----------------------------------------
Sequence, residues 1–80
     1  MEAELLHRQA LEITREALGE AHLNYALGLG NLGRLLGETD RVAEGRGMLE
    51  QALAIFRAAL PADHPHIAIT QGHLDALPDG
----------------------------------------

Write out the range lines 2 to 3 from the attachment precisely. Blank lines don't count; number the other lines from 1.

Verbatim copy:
     1  MEAELLHRQA LEITREALGE AHLNYALGLG NLGRLLGETD RVAEGRGMLE
    51  QALAIFRAAL PADHPHIAIT QGHLDALPDG